“Can the Ethiopian change his skin, or the leopard his spots? Then may ye also do good, that are accustomed to do evil”! [Jer 13:23]

Let us go at once to our text and notice that it contains a question which admits of only one answer— “Can the Ethiopian change his skin?” Of course he cannot! And this fact suggests to us a spiritual question—Can a man who is accustomed to do evil, so change himself as to do good? Of course he cannot, any more than the Ethiopian can change his skin! When we have talked over that question which admits of only one answer, I shall put another question which admits of the opposite reply.  In that latter part of our subject may the Lord be pleased to send comfort to those who are despairing and who know that they can no more change their own nature than the Ethiopian can change his skin, or the leopard his spots!

There are some things that men can do. A white man may be made almost black, as far as his skin is concerned. There are certain medicines that operate upon the skin and give it a very strange color— you may have seen a few such cases in your lifetime. But, though you can put the color in, you cannot take it out. The man who is white, or the woman who is very fair, may, either of them, sit in the sun till they become browned so that they might almost say with the spouse in the Song of Solomon, “I am black because the sun has looked upon me.” But you could not turn a black man, white, though you can turn a white man black. You can do what you please by way of spoiling, but you can do nothing by way of mending.

You can make yourself filthy by sin, but you cannot make yourself spiritually clean, do what you will! There is an ease about going down—you can jump down a precipice quickly enough, but who could stand at the bottom of a high cliff and leap to the top at one bound? Man can come down against his will, but he cannot go up even with his will. You can do evil all too readily—you can do it with both hands, greedily, and do it again and again and not grow weary of it—but to return to the right path, this is the difficulty!

But remember, dear Friends, that, even if an Ethiopian could change his skin, that would be a far smaller difficulty than the one with which a sinner has to deal, FOR IT IS NOT HIS SKIN, BUT HIS HEART WHICH HAS TO BE CHANGED. There are some creatures in which, if they lose a limb, it will grow again, or another will come in its place, but there is no creature living that could lose its heart and then grow another. There is a tree of a certain sort and you can, if you please, graft upon it and it will produce a different kind of fruit. Or you can take off one limb of a tree and another branch may grow—but you cannot change the tree’s heart.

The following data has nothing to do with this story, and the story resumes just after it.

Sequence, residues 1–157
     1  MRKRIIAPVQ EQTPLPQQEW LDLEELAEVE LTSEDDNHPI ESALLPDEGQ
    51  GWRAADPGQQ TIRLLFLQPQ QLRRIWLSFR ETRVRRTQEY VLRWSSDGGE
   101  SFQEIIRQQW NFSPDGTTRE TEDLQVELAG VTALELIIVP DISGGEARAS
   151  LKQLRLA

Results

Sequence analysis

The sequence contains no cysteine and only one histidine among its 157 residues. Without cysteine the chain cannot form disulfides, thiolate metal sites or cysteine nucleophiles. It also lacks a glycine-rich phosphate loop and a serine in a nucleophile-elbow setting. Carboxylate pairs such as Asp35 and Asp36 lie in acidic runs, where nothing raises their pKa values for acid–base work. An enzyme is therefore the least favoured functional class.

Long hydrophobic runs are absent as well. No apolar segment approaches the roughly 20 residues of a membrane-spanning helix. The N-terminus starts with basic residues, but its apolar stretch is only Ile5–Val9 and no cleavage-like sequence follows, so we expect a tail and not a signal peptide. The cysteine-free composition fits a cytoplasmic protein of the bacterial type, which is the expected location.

Even if it were possible for the Ethiopian to change his skin, that would be a change, as we say, only skin-deep, and that is no parallel to the sinner and his sin—the leprosy lies deep within. It is the heart that is “deceitful above all things and desperately wicked.” It is the center and source of thought and action which is polluted and a change must be worked there. “Can the Ethiopian change his skin?” No, but if he could do so, could a sinner change his heart? ASSUREDLY NOT!

Let me try to set forth, in some small measure, the difficulty of this business. The first difficulty is because the evil that man has is in his nature. If sin were merely an accident, then it might be prevented. But it is not so. If sheep were to fall down into the mud, they might soon be up again, and it would be possible to keep them from falling. But when the swine go down into the mud, they roll in it because they delight in wallowing! As long as there is any mire about and the sow can get there, she will return to her wallowing as long as she remains a sow, for the filthiness is in her nature as well as in that which surrounds her! And it is so with us so far as sin is concerned.

The Ethiopian could wash himself clean, but the blackness of his skin is a part of his Ethiopian nature and he cannot get rid of that. The leopard’s spots are not accidental to it, but it has spots BECAUSE IT IS A LEOPARD.

So, sin is not accidental to human nature, but it is part and parcel of ourselves. When you see a man, you see a sinner! And if you could look into his heart, you would see the seed-plot of all manner of mischief which only needs congenial surroundings to fully develop itself. How can a man change his own nature? I do not suppose that, by any possibility, I could ever become an Ethiopian. I do not think that if I were to set my mind to the task, I could ever, by any possibility, turn into a Dutchman because I was not born so—it is not according to my nature. I must remain an Englishman, Essex-born, as long as I live. Only a miracle could make me anything different from that!